AME was tasked by the US Navy with providing engineering services to perform a design-level inspection and assessment for the waterfront facilities at an Air Station in Alaska. An above and below water design level inspection using a ROV, hydrographic survey, and topographic survey of the facilities was performed by a team of engineers from AME and survey technicians from AUS and Brice Environmental.
The intent of the inspection was to gather information to complete an assessment of the facilities’ general structural condition and provide recommendations for short-term repairs to stabilize the Fuel Pier from damage incurred as a result of a large storm. The work also included the development of two rehabilitation alternatives to the 15% level design with and without reconstruction of the breakwater, and development of a 15% level design for the stabilization of the shoreline. In addition, a SWAN (Simulating Waves Nearshore) model was developed for the project site. SWAN is a third-generation 2-dimensional, transient near-shore spectral wave model. The wave model was applied to predict the wave conditions at the pier with and without the Breakwater. The model was run for a 100-year wave event, with waves approaching from three alternative angles and was run for a multiple-day period for each storm event. The model was used to assess the effects of Breakwater construction during the design development phase of this project.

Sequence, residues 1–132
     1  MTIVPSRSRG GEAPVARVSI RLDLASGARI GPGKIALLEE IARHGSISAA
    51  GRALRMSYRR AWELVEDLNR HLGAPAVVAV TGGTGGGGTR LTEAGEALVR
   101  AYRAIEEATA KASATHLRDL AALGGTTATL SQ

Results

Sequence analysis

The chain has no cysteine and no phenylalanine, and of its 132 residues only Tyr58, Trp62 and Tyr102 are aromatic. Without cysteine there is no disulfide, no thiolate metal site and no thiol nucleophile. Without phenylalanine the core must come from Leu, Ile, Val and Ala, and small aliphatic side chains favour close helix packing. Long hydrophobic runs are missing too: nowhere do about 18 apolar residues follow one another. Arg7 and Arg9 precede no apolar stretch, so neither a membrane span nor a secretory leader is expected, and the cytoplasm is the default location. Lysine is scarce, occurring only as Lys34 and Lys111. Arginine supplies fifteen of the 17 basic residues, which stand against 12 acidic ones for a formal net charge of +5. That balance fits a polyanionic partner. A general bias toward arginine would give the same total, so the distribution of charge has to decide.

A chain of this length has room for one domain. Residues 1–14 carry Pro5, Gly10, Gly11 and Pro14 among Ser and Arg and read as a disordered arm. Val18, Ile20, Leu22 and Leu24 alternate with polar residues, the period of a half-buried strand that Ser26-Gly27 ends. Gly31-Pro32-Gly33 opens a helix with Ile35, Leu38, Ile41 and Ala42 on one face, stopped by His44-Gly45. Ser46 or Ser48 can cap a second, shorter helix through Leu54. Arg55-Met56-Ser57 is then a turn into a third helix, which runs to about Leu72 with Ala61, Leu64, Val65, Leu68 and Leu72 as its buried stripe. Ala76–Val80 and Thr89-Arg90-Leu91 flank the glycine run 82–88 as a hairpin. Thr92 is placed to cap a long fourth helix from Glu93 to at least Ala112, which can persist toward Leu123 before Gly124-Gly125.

Cost estimates were prepared for each alternative. Additional work included a hydrographic survey, topographic survey, and development of a wave model for design development.
Pier Rehabilitation at the University of Maine – Darling Marine Center
Concept study for the pier rehabilitation involving under and above water inspection, design drawings, basis of design documents, technical specifications, and calculations provided in preliminary and final completion submittals.
University of Rhode Island Narragansett Bay Campus Pier
A new pier designed using contemporary codes, practices, and construction materials with long term durability and resiliency with a minimum 50-year service life achievement in mind.